5.1.2 Work Done by a Force

The work-energy theorem W=F\Delta s assumes that F and Δs are in the same direction. What if they are not?

For example, in the scenario below, a box is being pulled along by a force F. Because other forces are involved (weight, normal contact, and possibly friction) here, the box does not move in the same direction as F. Instead, Δs of the box and F are misaligned by the angle θ.

In such scenarios, we can always resolve F into two components: parallel and perpendicular to Δs. The work done by the parallel component F\cos \theta would then be F\Delta s\cos \theta . The work done by the perpendicular component  F\sin \theta would be zero since there is no displacement in that direction. In other words,

W=F\Delta s\cos \theta

A few situations which are worth noting:

\theta =0{}^\circ

If the mass moves in the direction of the force, we have the original work-energy theorem!

W=F\Delta s

\theta =180{}^\circ

If the mass moves in the opposite direction as the force, the force is doing negative work to the mass!

W=-F\Delta s

This is because the force is a retardation force. The negative work done by F represents the decrease in energy caused by the force.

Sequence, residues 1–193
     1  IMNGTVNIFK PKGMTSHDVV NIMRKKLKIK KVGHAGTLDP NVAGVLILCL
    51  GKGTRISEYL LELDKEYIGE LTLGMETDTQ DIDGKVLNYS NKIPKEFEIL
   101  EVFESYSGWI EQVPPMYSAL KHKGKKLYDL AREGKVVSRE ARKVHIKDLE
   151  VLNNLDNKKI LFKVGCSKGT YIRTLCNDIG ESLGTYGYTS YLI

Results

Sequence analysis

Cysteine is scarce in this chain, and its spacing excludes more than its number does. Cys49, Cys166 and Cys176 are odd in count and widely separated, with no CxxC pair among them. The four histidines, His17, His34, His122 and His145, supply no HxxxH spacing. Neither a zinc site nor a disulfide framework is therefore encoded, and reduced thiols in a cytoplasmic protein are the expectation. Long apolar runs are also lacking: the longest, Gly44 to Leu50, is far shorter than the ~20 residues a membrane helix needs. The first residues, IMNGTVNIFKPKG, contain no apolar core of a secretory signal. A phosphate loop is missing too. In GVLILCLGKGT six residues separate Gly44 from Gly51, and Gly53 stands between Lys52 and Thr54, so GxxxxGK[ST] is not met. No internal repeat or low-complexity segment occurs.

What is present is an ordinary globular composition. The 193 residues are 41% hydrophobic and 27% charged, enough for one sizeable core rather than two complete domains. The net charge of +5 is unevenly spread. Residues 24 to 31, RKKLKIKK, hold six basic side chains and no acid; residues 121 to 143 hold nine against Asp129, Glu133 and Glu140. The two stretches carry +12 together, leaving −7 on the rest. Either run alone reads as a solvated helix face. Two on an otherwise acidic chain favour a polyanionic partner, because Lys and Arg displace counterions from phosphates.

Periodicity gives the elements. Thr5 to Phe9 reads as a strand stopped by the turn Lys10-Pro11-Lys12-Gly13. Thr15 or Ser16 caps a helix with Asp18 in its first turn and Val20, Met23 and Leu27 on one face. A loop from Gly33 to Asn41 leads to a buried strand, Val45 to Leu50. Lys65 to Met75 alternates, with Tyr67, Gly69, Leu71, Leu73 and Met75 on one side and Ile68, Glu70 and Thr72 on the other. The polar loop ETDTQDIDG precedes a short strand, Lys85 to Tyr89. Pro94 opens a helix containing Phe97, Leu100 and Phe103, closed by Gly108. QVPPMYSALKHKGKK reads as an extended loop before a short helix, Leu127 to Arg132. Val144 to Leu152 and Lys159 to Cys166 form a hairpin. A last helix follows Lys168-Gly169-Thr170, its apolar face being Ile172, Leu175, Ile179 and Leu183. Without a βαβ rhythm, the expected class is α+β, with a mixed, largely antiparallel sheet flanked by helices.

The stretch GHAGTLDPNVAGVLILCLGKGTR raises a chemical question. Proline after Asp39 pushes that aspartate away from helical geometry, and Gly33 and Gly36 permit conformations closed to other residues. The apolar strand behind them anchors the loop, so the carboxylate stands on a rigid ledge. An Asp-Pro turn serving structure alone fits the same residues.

\theta =90{}^\circ

If the mass moves in a direction perpendicular to the force, the force is doing zero work to the mass!

W=0

This scenario must always involve other forces besides F. Any changes in the KE of the mass must be due to other forces, not F.

\Delta s=0

If the mass does not move, the force is doing zero work to the mass!

W=0.

Again, this scenario must involve other forces besides F. All these forces acting together on the mass, end up producing zero acceleration to the mass, and therefore does zero work.

Demonstration

Weight Lifters

Comics 

Atlas

Leave a Reply

Fill in your details below or click an icon to log in:

WordPress.com Logo

You are commenting using your WordPress.com account. Log Out /  Change )

Twitter picture

You are commenting using your Twitter account. Log Out /  Change )

Facebook photo

You are commenting using your Facebook account. Log Out /  Change )

Connecting to %s